Thursday, November 03, 2016


In honor of November, which for me is the creepiest month, I would like to share with you the reason why I find it to be so. Way back when I had a father, he was the one who would come to me during those late-night bouts of insomnia that I suffered as a youth. When he asked me what was keeping me up, I told him that there was this song about an airplane crash that was intense and scary and I didn't think I could go to sleep after hearing it. Looking back, I wish that I had the common sense to turn the radio off instead of laying there, subject to whatever evil noises might come from it. Turns out the song was DOA by Bloodrock, and it was a modest hit back in 1970. Though there plenty more horrible noises to come from that radio in the future, this one was the one I remember my father taking the time to explain that it was just a song and that there would be another one coming on in just a minute or two and the mood would change.
He didn't suggest turning off the radio or changing the station. I wonder why that was?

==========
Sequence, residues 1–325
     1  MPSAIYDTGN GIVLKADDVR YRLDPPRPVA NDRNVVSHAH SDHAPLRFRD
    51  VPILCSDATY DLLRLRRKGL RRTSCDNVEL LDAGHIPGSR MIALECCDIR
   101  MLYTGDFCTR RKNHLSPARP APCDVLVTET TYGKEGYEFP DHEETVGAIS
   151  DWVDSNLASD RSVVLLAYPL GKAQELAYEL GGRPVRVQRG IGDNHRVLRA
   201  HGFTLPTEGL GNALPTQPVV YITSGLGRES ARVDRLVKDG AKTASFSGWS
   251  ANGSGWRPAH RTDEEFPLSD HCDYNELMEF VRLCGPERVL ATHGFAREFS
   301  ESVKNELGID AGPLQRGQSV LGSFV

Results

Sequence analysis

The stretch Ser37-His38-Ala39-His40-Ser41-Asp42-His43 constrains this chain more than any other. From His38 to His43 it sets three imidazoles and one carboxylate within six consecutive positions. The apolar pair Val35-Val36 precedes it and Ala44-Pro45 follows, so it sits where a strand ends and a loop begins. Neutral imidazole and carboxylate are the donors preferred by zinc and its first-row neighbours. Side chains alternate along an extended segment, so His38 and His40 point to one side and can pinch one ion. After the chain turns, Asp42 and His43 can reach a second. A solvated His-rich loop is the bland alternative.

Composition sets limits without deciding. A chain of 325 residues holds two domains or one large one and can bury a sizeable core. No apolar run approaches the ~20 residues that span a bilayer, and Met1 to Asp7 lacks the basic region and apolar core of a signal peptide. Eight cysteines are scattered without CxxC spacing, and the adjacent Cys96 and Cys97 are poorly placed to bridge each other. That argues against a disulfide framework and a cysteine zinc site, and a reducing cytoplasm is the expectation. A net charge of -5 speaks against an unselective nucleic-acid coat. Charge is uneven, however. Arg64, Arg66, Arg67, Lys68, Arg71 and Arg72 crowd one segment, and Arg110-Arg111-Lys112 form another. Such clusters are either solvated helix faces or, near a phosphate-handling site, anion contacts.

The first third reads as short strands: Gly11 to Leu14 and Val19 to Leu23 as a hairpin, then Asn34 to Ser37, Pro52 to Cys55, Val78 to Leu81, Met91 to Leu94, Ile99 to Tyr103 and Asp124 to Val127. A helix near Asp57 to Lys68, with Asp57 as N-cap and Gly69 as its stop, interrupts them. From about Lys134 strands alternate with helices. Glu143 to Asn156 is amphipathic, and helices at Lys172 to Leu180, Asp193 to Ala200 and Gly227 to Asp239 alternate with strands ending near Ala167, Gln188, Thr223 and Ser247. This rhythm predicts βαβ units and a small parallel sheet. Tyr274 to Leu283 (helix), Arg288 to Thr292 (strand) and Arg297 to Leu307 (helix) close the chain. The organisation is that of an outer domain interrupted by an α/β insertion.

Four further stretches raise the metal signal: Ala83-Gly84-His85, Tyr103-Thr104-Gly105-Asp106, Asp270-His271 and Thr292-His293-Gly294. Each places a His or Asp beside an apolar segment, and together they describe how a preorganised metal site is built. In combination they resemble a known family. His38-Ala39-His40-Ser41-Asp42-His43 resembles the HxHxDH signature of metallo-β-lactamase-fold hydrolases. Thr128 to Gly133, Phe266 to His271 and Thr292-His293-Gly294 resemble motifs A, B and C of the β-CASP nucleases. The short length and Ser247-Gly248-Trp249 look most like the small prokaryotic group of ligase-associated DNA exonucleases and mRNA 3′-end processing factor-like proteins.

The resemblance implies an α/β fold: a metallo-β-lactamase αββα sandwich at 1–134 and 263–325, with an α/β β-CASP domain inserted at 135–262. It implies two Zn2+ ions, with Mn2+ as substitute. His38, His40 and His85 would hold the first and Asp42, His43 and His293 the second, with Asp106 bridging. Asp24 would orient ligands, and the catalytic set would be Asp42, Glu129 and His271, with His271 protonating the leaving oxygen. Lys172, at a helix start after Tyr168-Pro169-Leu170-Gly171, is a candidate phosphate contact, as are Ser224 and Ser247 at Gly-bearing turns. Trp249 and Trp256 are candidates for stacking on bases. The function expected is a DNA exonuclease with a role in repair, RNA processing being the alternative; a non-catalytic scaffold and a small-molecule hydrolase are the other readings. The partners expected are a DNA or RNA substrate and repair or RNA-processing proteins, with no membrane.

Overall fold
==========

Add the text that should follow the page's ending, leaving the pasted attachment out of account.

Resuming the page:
Twenty-five years after this episode, my father died in a plane crash. It was every bit as horrifying as the one described by Bloodrock, with the added component of a burn ward that I still have dreams about from time to time. Ah, November. As part of my father's memorial service, we drove up into the mountains where our cabin was: the place where my father once wrote that he wanted his ashes to be scattered. That was some twenty-five years before this event as well. Somehow, it fell to me to be the guy with the big bag of dad's ashes, and in turns my brothers and the assembled mourners came to me to take a handful or two to sprinkle on the ground that was still partially covered with snow. After everyone else had their moment, I was still stuck with a rather large portion of dad to disperse. I wandered by the creek and into the aspen grove and poured out the remains of the remains in the most casual yet careful way I could. I knew I was being watched, and so I couldn't just dump the bag and flee, even as the light was fading and the temperature was dropping. At last the bag was empty and we were free to go back and tell the story.
The story that I think of each November, and now even more often as I stumbled upon the story of a performance at New York's Metropolitan Opera that had to be delayed and ultimately cancelled because a patron of the arts took the opportunity presented by intermission to dispose of his wife's cremains in the orchestra pit. I suppose I can be relieved that my father wasn't more of an opera fan.

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